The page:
Before you’ve been through 1L Torts, this story is shocking. After you’ve been through 1Ls Torts, it’s not that surprising.
In 2009, two Good Samaritans saw a Hummer crashed off the side of the road. The car was on fire. The two men sprang into action, ran down a snowy embankment, and pulled a woman from the burning wreckage.
They saved her life.
Which is interesting, considering that it turns out the woman was allegedly trying to kill herself.
The men suffered injuries, and now they are suing….
A couple of weeks ago, we talked about the decision by Philip Markoff, aka the Craigslist Killer, to take his own life. Today we’re seeing another version of that kind of thinking — less high-profile, less fatal, but still pretty harrowing.
The Dallas Morning News reports that a Texas man slashed his own throat — in the courtroom — after receiving a 40-year sentence for assault:
Marcial Michael Anguiano pleaded guilty to aggravated assault for cutting his niece with a butcher knife. After state District Judge Larry Mitchell announced Anguiano’s sentence, Anguiano cut himself with a razor blade.
“As soon as the judge sentenced him, I saw him do something with his right arm,” said Anguiano’s defense attorney, Juan Sanchez. “I turned and he cut himself with something he had brought into the courtroom.”
After Markoff offed himself, Professor Douglas Berman wrote on his blog, Sentencing Law and Policy, that from a utilitarian perspective we should be happy about Markoff’s suicide. But here Anguiano’s self-mutilation was a disaster, from a utilitarian point of view, for the state of Texas…
The evolution of relationships between the genders continues. Currently, in law firms, there is an interesting conundrum; balancing the desire for a gender-blind workplace where “the best lawyer gets the work and advances” and the reality of navigating the complicated maze created by the fact that, in general, men and women do possess differences in their work styles. These variations impact who they work with, how they work, how they build professional connections and how organizations ultimately leverage, reward and recognize the talents of all.
Henry Ford sat on his workbench and sighed. A year earlier, he had personally built 13,000 Model Ts with his own hands. Fashioning lugnuts and tie rods by hand, Ford was loath to ask for help. Sure, there were things about the car that he didn’t quite understand. This explains the lack of reliable navigation systems in the Model T. But Ford persevered because he knew that unless he did everything, he could not reliably call these cars his own.
“Unless my own personal toil is responsible for it, it may as well be called a Hyundai,” Ford remarked at the time.
The preceding may sound unfamiliar because it is categorically untrue. And also monumentally stupid. Henry Ford didn’t build all those cars by hand. He had help and plenty of it. Almost exactly one hundred years ago, Henry Ford opened up the most technologically advanced assembly line the world had ever seen. Built on the premise that work can be chopped up into digestible pieces and completed by many men better than one, the line ushered in an age of unparalleled productivity.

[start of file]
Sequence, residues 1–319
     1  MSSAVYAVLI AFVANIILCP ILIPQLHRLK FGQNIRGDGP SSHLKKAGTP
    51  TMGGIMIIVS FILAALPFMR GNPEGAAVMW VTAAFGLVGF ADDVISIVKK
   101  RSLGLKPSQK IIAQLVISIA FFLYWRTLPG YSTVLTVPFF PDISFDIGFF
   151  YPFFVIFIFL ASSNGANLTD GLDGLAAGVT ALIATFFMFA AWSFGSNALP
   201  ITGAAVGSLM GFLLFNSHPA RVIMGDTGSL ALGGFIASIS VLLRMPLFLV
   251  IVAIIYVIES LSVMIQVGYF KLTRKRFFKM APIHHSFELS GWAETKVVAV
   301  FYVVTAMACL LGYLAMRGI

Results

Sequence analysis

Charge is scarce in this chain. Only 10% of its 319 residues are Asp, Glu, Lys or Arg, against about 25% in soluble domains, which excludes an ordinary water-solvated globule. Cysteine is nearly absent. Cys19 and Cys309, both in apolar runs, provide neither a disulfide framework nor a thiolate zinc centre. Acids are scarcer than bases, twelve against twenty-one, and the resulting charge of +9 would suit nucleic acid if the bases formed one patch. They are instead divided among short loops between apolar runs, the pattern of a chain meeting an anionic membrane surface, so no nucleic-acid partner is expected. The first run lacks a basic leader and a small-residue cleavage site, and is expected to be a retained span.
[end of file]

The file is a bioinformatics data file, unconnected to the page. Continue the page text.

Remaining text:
Today, an attorney refers business because he can’t do everything the client asks of him.
There are three reasons why this is way dumber than a made-up Henry Ford story…
Ed. note: The Asia Chronicles column is authored by Kinney Recruiting. Kinney has made more placements of U.S. associates, counsels and partners in Asia than any other recruiting firm in each of the past six years. You can reach them by email: [email protected].
Since late last year, things have been booming in Hong Kong / China in cap markets, especially Hong Kong IPOs. M&A deal flow has recently been getting a bit stronger as well. Although one can’t predict such things with any certainty, all signs are pointing to a banner entire 2014 for the top end US corporate and cap markets practices in Hong Kong / China. This is not really new news, as its been the feeling most in the market have had for a few months now and things continue to look good.
The head of our Asia practice, Evan Jowers, has been in Hong Kong for about 10 days a month (with trips every other month to both Shanghai and Bejing) for the past 7 months, and spending most of his time there meeting with senior US hiring partners at just about all the major US and UK firms there, as well as prospective candidates at all associate levels and partner levels, and when in the US, Evan works Asia hours and is regularly on the phone with such persons, as our the other members of our Asia team. Our Yuliya Vinokurova is in Hong Kong every other month and Robert is there about 5 times a year as well. While we have a solid Asia team of recruiters, Evan Jowers will spend at least some time with all of our candidates for Asia position. We have had long standing relationships, and good friendships in some cases, with hiring partners and other senior US partners in Asia for 8 years now.